By Florien Kruse & Toine Remers, Radboud University Medical Center.
The first Dutch COVID-19 case was detected on 27th February in Noord-Brabant (a province of the Netherlands). This region soon became the epicenter of the virus within the Netherlands. The nursing home sector could not be shielded from these developments and soon the first deaths in the Dutch nursing homes followed.
At the time of writing, 25th March, the Netherlands has 6412 people who have tested positive for COVID-19 and 356 patients who died as a result of the virus. (The National Public Health institution regularly updates the information on their website.) Only recently, the Association of Geriatric Specialists launched a system to collect the number of COVID-19 cases in nursing homes via an electronic healthcare system. Data provided in the few days after the launch indicates that 0.2% – 0.5% of all residents show COVID-19 symptoms (Ysis data 162/73000 and GeriCall data 77/15000). Since both registers combined do not represent the total population of nursing home residents and provision of data is voluntary, these numbers provide a rough estimate (most likely an underestimate).
Dutch policy responses
The Dutch response is primarily focused on slowing the spread of the virus. The main aim is to avoid a demand peak that will significantly strain the resources of the healthcare system. Another aim spelled out by the government is to protect older people and those with poor health. The governmental response that follows from this can be described as, on the one hand, imposing strict regulatory measures and, on the other hand, relaxing traditional rules and standards to give long-term care professionals discretionary power to make certain decisions.
Noord-Brabant was the first province to advise nursing homes on limiting visitors on 16th March. Not much later, on 19th March, strict visiting rules were imposed nationally: visitors are not allowed at nursing homes at least until the 6th April. This decision was supported by stakeholders in the long-term care sector. However, in contrast to some other countries, the Dutch government does allow nursing home staff to make rare exceptions for close friends and relatives to visit clients when they receive end-of-life care. In addition, the government is strictly regulating personal protective equipment; nursing homes are only allowed to use these under specific circumstances.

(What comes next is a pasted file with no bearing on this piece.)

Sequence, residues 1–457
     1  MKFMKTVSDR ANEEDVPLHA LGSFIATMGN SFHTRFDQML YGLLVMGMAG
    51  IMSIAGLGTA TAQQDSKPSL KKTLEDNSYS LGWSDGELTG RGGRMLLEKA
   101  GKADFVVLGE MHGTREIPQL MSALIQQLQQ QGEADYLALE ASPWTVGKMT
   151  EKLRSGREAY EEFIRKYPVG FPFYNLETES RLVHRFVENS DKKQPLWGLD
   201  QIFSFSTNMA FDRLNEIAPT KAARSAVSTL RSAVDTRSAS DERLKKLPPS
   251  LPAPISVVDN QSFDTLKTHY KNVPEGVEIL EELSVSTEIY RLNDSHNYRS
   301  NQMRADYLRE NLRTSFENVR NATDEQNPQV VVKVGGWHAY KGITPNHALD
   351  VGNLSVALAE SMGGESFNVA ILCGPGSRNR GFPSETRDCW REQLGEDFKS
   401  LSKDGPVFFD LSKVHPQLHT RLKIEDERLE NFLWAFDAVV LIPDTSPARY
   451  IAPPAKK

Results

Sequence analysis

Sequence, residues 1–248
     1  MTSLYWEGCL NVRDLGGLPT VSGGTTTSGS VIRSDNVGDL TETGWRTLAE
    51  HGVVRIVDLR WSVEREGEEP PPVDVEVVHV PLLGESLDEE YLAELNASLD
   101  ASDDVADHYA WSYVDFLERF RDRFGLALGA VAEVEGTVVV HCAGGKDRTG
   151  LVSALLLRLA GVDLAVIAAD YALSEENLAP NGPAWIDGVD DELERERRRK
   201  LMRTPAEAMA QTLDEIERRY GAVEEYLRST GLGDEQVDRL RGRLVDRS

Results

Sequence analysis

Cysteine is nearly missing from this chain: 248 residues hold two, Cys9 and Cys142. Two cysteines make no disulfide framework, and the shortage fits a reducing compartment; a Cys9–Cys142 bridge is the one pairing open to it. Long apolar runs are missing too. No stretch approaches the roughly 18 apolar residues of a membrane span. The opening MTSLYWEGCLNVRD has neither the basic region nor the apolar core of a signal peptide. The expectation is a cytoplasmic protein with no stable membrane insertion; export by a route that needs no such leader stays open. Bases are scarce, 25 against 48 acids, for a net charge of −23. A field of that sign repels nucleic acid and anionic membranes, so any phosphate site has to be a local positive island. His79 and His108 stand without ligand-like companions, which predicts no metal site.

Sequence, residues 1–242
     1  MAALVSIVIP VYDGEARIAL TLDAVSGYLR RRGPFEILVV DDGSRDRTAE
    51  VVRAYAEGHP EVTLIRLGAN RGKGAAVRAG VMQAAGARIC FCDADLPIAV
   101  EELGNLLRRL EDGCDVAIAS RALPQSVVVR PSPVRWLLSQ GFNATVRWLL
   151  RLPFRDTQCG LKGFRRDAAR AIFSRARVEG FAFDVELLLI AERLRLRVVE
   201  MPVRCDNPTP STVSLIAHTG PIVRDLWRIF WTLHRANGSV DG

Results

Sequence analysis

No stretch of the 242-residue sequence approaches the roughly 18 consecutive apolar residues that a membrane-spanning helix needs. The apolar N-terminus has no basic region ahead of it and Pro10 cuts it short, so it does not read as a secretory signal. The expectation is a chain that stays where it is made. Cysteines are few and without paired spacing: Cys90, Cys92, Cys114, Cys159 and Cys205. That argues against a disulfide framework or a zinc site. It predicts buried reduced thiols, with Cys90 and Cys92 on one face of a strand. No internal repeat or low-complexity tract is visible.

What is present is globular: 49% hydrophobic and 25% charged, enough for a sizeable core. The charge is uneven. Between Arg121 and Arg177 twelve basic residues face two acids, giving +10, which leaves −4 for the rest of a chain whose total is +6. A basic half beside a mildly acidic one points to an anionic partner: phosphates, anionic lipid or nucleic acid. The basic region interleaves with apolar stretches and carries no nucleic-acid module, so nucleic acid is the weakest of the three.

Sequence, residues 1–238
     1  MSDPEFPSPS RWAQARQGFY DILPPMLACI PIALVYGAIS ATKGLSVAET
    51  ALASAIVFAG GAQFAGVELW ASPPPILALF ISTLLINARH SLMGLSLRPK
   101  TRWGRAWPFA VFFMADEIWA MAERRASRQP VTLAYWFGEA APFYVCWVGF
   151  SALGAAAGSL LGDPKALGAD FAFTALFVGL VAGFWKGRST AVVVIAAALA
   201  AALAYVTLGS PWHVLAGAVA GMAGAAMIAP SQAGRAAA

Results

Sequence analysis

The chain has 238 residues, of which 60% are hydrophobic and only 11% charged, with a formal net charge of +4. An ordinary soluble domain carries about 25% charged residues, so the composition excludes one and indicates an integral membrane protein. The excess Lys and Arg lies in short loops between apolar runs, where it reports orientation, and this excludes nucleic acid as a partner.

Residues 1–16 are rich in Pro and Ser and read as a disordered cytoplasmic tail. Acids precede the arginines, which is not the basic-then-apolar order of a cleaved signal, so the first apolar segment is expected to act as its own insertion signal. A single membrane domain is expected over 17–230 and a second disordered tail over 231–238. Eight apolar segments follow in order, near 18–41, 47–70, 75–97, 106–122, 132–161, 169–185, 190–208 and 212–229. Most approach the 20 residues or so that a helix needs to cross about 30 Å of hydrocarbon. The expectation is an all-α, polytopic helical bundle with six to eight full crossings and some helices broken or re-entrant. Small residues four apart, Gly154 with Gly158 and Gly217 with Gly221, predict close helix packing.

Several rules and standards have been loosened. Firstly, the regional long-term care offices and the Youth and Healthcare Inspectorate announced that they will relax their supervisory role. Secondly, the Central Administration Office (CAK), which normally conducts house visits to determine whether people are eligible for nursing home care (need-testing), has relaxed its rules, so the needs-testing can be done remotely wherever the respective healthcare professional (e.g. case-managers) deems fit. Thirdly, the Dutch Youth and Health Care Inspectorate (IGJ) allowed nursing home managers to recruit personnel beyond their traditional pool of employees, allowing them to hire personnel such as medical students.
COVID-19 has, and will have in the future, a significant financial impact on nursing homes. They have to invest in additional measures to combat COVID-19. For instance, measures to isolate clients, provide protective clothing for nurses and possibly employing additional staff. It has therefore been agreed that regional Dutch long-term care offices, who purchase long-term care from nursing homes, can provide financial support to those long-term care providers that are confronted with additional costs due to the outbreak.
Kruse F and Remers T (2020) Report: Nursing homes and COVID-19, policy responses in the Netherlands. Article in LTCcovid.org, International Long-Term Care Policy Network, CPEC-LSE. Available at https://ltccovid.org/2020/03/26/report-nursing-homes-and-covid-19-policy-responses-in-the-netherlands/